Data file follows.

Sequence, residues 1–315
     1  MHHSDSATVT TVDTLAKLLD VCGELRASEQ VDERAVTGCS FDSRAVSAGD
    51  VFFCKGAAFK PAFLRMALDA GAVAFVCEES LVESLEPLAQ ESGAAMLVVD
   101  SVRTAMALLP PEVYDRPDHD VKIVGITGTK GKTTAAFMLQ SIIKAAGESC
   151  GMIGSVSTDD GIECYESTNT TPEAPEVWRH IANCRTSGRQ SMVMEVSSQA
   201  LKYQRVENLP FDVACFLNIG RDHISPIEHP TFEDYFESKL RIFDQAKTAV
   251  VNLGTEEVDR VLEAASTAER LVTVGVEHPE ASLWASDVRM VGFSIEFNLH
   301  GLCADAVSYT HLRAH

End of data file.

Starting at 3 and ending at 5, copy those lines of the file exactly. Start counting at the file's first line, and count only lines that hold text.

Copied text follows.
    51  VFFCKGAAFK PAFLRMALDA GAVAFVCEES LVESLEPLAQ ESGAAMLVVD
   101  SVRTAMALLP PEVYDRPDHD VKIVGITGTK GKTTAAFMLQ SIIKAAGESC
   151  GMIGSVSTDD GIECYESTNT TPEAPEVWRH IANCRTSGRQ SMVMEVSSQA